What is melanoma?

Topical information of a practical nature for melanoma patients

About Melanoma

Melanoma is a cancer of the pigment cells: cells which make melanin which is responsible in part for skin colour and for protecting the skin from damage from
the sun.

Although all melanomas are cancers, most melanomas are removed early and are entirely cured by that surgery. Some countries use the term “malignant melanoma” but the word malignant means cancer and in the UK then “malignant” is thought unecessary and “melanoma” alone is used.

There are different types of melanoma

Melanomas most frequently grow on skin which is often or occasionally exposed to the sun. More rarely melanoma can develop in areas of the body which are not usually exposed to the sun. These body sites are:

  • In the eye (note that MyMelanoma will not currently be carrying out research on melanoma of the eye, as it behaves quite differently to melanoma arising in other sites).
  • On the sole of the foot (acral lentiginous melanoma) or under the nail (subungual melanoma).
  • On the penis, or vulva, or very rarely in the vagina or cervix.
  • On wet mucosal surfaces eg in the mouth, nose or sinuses.

These rare types of melanoma occur all over the world, in people of all skin colours and types. In any one country, the number of patients with these rare types of melanoma is small so that in order to make real progress in research we need to work together to make a difference. We hope that MyMelanoma will play a role here by recruiting more patients to the study than is possible within any single area of the country.

Learn about the MyMelanoma study, eligibility criteria and more

What causes melanoma?

Melanoma arising on sun exposed sites can be caused by damage to melanocyte cells in the skin prompted by ultra-violet (UV) radiation from the sun. This damage particularly affects the DNA of cells and causes them to behave unusually, which can lead to the development of a melanoma. Some people are more prone to developing this kind of melanoma, due to genetic changes that they were born with. This might also mean other family members have also developed a melanoma or other related cancers. This is something MyMelanoma will be researching in more detail.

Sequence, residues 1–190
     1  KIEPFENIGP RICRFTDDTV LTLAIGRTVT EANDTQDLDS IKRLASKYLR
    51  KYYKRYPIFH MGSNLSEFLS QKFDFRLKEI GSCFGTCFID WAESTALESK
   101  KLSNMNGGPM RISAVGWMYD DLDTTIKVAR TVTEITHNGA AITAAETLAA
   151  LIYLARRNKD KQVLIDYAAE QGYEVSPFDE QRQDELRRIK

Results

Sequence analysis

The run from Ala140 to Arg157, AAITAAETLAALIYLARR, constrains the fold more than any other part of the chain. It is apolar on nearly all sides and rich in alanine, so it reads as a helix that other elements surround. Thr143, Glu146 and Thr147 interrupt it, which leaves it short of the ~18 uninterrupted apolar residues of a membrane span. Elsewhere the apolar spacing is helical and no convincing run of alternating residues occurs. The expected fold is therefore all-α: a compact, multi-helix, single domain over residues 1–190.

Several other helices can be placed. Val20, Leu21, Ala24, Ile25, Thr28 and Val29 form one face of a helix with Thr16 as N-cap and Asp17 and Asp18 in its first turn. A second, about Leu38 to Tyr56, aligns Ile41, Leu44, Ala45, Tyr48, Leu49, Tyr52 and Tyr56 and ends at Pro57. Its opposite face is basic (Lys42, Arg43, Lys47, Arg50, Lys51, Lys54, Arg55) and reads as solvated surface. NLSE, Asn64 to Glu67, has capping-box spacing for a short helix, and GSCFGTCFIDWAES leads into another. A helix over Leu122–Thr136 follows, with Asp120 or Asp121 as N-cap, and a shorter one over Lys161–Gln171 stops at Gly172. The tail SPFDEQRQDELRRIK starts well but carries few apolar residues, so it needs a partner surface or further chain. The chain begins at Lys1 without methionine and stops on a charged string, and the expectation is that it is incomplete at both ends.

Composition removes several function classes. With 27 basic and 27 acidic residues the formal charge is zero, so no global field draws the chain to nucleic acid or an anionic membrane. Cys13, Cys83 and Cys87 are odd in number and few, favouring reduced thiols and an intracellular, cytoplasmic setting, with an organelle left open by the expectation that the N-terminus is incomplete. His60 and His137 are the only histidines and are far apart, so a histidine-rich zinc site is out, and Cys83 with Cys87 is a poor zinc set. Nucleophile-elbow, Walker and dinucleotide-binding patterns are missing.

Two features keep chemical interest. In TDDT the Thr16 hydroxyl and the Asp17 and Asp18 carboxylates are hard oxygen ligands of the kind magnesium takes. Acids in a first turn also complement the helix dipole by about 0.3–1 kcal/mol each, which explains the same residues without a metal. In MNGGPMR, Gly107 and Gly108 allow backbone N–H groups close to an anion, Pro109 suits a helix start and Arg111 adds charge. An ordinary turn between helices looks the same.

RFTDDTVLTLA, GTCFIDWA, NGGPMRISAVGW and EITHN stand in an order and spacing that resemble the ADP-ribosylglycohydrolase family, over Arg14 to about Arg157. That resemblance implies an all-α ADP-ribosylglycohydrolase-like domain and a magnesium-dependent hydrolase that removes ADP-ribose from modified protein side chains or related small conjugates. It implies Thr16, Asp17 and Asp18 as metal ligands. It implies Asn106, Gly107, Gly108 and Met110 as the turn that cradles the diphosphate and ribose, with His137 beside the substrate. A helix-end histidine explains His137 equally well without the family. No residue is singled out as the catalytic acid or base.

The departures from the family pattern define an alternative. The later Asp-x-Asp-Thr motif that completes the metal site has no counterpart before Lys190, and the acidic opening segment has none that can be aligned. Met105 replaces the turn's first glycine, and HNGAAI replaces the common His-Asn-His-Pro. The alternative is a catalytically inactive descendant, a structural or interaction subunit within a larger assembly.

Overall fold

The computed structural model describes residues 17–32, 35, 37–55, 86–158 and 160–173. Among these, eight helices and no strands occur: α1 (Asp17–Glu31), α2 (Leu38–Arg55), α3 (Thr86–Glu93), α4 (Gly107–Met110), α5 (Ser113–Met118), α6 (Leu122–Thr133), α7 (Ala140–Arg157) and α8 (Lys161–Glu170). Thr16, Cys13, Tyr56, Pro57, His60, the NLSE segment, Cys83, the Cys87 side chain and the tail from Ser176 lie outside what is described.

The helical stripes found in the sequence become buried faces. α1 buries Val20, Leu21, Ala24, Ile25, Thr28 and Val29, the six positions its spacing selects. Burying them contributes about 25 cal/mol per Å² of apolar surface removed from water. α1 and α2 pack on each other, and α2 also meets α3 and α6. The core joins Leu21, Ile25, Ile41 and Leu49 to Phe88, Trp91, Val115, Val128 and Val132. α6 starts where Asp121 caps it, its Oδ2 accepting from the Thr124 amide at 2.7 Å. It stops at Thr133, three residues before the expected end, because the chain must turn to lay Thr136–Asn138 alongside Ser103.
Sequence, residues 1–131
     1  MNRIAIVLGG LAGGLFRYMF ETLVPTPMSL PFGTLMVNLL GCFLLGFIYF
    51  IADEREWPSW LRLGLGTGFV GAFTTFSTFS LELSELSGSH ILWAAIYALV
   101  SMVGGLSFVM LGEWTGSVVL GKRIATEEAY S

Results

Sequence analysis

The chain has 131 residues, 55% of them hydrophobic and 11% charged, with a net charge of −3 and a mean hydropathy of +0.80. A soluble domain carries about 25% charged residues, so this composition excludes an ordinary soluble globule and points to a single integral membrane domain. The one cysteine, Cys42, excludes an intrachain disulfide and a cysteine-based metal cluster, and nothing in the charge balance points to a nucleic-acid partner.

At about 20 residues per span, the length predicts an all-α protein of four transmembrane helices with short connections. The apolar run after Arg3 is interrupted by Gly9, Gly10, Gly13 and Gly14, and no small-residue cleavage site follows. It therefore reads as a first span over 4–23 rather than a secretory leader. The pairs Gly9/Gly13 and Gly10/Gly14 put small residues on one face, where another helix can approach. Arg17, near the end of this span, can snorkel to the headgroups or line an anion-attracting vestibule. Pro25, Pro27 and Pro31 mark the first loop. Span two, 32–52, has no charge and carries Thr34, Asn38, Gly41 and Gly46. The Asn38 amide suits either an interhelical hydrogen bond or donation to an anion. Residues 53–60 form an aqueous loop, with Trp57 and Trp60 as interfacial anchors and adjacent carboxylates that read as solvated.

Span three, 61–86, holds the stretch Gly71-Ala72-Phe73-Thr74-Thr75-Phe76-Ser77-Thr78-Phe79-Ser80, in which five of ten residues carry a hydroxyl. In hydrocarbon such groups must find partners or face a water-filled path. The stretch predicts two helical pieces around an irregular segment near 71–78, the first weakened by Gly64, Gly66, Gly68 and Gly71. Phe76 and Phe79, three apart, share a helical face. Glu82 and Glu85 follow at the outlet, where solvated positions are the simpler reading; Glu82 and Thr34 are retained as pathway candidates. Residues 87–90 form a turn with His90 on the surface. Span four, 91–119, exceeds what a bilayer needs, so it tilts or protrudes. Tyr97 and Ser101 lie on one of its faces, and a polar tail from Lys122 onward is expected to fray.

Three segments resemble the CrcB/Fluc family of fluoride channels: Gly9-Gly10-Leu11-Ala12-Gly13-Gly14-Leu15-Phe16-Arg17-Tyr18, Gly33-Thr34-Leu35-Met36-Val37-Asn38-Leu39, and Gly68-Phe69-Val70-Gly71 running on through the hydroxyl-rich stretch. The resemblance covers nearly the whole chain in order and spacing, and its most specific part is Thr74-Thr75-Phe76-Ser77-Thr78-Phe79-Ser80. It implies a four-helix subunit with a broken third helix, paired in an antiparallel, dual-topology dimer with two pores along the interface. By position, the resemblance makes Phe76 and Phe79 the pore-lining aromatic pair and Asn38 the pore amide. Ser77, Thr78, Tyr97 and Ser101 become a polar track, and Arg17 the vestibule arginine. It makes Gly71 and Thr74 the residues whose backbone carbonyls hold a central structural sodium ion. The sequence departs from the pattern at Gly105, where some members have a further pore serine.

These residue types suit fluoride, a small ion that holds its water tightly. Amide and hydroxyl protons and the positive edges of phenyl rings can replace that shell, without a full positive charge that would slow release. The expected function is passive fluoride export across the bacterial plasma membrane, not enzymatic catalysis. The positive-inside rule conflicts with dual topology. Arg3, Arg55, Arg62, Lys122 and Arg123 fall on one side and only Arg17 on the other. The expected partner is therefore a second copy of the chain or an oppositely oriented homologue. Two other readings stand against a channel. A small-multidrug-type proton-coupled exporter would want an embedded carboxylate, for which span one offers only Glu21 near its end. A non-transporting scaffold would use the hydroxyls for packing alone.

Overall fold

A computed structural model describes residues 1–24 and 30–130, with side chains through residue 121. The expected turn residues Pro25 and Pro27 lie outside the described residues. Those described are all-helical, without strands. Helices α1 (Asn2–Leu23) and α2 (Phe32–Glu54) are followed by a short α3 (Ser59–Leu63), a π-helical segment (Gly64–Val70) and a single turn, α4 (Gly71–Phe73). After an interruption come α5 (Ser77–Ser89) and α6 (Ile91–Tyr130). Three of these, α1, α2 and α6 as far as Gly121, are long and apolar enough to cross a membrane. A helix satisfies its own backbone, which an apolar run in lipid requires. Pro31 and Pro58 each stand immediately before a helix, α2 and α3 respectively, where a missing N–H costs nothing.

The reasons melanomas arise on non-sun exposed sites is less well understood, but it is thought that potentially chemical or mechanical damage might increased the chances of a melanoma occurring in these locations. MyMelanoma will be specifically asking questions to help better understand why this type of melanoma occurs.

Living with melanoma

What changes should I make to my lifestyle?

Even though overall the survival rate for having a melanoma is high, 20% of all cases can relapse. Some patients are keen to know what changes they can make to their lifestyle to help avoid this scenario and to live healthier lives. We do have some evidence that lifestyle has an effect.

Familial risk of melanoma

Families with an increased risk of melanoma

In approximately 5% of melanoma patients, the melanoma has occurred as a result of inherited high risk genetic mutations which increase the risk of melanoma. These families typically have 3 or more melanomas in the family especially if the people with melanoma have had more than one cancer.

Questions patients have asked

Do you have a question? As questions come in we will ask if others would like to ask the same question. If there is a perceived need then the MyMelanoma Team will look to see whether there is sufficient evidence to be found to take a “Personal View”. That is that the team will review the evidence, and publish a sensible summary. If there is insufficient evidence (as there well may be) then we will write that this is so but if appropriate we will ask a number of international experts to say what their view might be.

MyMelanoma, for example, plans to write a summary of the data on diet and melanoma in 2021, describing evidence to date that it might be important, stressing the unknowns, and then seeking comments or “personal views” from experts in the field. We might ask them “what do you tell your patients” or “what would you do, and why?”

Participate

MyMelanoma will only be able to deliver life changing improvements to patient care with your help. There are many ways to get involved in contributing to the largest study of its kind from participating in the study, or helping us raise funds.

Our research

MyMelanoma is a study designed to research the most important current questions about melanoma and its treatment. These questions relate to treatments, the nature of the particular cancers (all cancers are a little bit different), other health matters and to lifestyles.

Contact us

To sign up to be part of MyMelanoma or if you have any further questions for us then please fill out the form. One of our team will be in touch as soon as possible.

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